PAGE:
Chicago Scandals: Goodness Had Nothing To Do With It

By John F. Hogan, author of Chicago Shakedown: The Ogden Gas Scandal

Within less than four decades, four Illinois governors were sent to the federal penitentiary.  Democrats Otto Kerner, Dan Walker, and Rod Blagojevich, and Republican George Ryan were all indicted on various charges. Blagojevich, who remains incarcerated, was the first Democrat elected governor of Illinois since Kerner forty years earlier.

                No Chicago mayor has endured the same fate, and there seems to be no blanket explanation for the discrepancy. It certainly can’t be due to the “pristine” environment at City Hall and the Cook County Building. According to a study by the University of Illinois Chicago, more than 1,500 elected or appointed government officials in northern Illinois were found guilty of criminal activity during the Kerner-to-Blagojevich years. Among them were thirty Chicago aldermen, nearly one-third of whom were in the City Council during that period, and whose offenses usually involved corruption. Why have no mayors made the list in more than 180 years?  In the case of some, to quote Mae West, “Goodness had nothing to do with it.”

Let’s take a look at some of the controversies that swirled around just three of the city’s chief executives:

William Hale “Big Bill” Thompson has long been considered the poster boy for mayoral shenanigans. First elected in 1915, Big Bill declared that, “The crooks had better move out of Chicago before I am inaugurated!” Not only did they not move out, they solidified their grip, and in the years ahead, Republican Thompson forged an alliance with the biggest crook of all---Al Capone.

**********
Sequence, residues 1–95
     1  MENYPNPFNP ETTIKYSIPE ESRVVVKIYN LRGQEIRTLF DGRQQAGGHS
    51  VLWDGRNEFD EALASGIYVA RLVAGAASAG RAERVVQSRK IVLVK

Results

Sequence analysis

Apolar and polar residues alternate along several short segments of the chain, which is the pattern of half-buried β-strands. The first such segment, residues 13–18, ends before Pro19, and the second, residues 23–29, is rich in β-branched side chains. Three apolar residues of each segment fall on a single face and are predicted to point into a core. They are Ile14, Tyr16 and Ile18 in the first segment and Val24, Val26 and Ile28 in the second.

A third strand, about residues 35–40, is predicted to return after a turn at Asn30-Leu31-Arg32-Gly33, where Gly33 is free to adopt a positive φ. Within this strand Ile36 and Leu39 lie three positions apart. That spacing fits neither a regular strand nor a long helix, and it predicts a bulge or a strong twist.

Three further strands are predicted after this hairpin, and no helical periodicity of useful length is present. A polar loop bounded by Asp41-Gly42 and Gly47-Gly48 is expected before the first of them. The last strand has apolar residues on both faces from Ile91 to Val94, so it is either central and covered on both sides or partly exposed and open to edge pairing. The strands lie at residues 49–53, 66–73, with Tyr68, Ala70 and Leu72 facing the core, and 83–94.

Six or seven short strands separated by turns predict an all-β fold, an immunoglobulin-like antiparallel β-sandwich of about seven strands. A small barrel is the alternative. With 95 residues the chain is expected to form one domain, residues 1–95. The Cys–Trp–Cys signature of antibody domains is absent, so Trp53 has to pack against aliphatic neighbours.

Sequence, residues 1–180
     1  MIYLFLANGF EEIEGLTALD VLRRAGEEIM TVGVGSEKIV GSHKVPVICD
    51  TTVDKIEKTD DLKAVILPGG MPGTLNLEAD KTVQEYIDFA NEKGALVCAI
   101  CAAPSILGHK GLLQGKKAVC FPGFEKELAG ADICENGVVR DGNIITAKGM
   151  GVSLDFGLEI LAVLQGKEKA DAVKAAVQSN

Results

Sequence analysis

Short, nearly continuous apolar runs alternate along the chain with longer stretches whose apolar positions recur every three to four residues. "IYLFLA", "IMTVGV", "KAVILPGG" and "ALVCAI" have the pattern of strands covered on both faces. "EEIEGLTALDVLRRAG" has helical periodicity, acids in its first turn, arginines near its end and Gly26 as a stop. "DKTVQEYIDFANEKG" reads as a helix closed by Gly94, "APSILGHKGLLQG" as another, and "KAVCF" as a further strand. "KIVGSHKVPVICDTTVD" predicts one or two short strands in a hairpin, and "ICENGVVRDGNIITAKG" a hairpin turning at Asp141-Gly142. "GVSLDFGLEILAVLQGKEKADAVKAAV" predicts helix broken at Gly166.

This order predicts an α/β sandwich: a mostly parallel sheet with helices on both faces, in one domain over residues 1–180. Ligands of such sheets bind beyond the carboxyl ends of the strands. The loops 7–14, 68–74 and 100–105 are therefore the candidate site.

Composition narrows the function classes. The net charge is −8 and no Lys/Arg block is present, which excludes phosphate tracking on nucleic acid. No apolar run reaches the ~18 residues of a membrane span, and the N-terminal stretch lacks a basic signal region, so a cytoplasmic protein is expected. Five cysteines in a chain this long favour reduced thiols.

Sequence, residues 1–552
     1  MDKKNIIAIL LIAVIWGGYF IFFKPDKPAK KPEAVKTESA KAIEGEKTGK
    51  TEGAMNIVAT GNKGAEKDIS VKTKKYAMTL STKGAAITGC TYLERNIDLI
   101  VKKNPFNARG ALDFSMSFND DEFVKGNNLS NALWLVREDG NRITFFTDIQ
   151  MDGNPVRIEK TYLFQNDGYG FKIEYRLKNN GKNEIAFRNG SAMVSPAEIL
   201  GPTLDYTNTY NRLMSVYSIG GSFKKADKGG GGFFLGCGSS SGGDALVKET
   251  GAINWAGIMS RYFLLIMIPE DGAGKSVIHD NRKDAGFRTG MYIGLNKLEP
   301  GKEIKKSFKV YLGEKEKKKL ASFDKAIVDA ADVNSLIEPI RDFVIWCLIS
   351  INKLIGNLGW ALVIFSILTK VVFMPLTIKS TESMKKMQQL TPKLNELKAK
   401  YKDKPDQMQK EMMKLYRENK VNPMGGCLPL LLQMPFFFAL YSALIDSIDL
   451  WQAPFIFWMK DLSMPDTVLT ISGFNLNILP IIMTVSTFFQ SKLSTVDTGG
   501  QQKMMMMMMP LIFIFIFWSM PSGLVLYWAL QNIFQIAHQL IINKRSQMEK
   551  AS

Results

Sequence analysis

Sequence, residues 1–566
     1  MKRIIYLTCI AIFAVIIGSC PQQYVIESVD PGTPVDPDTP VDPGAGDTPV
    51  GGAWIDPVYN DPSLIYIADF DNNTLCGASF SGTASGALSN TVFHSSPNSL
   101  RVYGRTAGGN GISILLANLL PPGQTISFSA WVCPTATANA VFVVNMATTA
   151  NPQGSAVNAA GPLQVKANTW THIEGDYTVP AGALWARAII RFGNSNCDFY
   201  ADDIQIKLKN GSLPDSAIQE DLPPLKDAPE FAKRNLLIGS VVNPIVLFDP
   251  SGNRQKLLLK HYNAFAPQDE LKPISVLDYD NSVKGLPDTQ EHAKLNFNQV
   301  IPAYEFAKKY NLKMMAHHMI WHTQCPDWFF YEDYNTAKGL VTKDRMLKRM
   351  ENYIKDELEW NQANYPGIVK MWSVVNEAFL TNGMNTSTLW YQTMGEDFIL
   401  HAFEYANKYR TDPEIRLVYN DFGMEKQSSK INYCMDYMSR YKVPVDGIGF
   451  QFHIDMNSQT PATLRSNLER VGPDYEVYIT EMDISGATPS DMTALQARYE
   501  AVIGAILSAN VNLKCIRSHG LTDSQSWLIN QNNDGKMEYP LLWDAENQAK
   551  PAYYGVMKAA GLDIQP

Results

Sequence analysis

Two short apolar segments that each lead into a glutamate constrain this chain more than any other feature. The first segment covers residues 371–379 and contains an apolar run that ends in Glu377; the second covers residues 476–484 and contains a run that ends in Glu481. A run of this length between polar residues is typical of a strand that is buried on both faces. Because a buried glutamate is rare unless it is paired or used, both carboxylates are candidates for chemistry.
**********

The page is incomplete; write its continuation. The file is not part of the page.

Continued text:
According to Chicago authors Lloyd Wendt and Herman Kogan, “Capone gangsters roamed the corridors of City Hall, collaring aldermen with requests for favors and threatening those who refused to vote their way,” during Thompson’s mayoral tenure. Big Bill even put Capone associate Daniel Serritella in charge of the city department that oversaw weights and measures in commercial establishments, including grocery stores. Serritella doubled as Capone’s eyes and ears at City Hall while he enriched himself, federal officials claimed. In 1931, he was convicted of conspiracy to defraud consumers of $54 million, but the verdict was overturned by the Illinois Appellate Court.

                Thompson opted not to seek reelection in 1923 and was succeeded by the scrupulously honest William E. Dever. When Big Bill reclaimed the mayor’s office in 1927, he vowed to reopen places of business closed by the Dever administration and “open 10,000 new ones.” Considering that the only businesses Dever closed were speakeasies, the message was clear: happy days were here again, especially for Capone.

                Historians have estimated that Capone’s campaign contributions to Thompson ranged from $100,000 to $260,000. A Thompson election opponent pegged the total at $160,000 for the 1927 race and a like amount four years later. When Big Bill died in 1944, he was worth $2.1 million, most of it in cash, stocks, and bonds stuffed in two safety deposit boxes.

                The U.S. Department of Justice maintained a file on Thompson but never moved against him.  The feds were able to send Scarface Al away for tax evasion - why not Big Bill? Chicago watchers have been left to wonder ever since.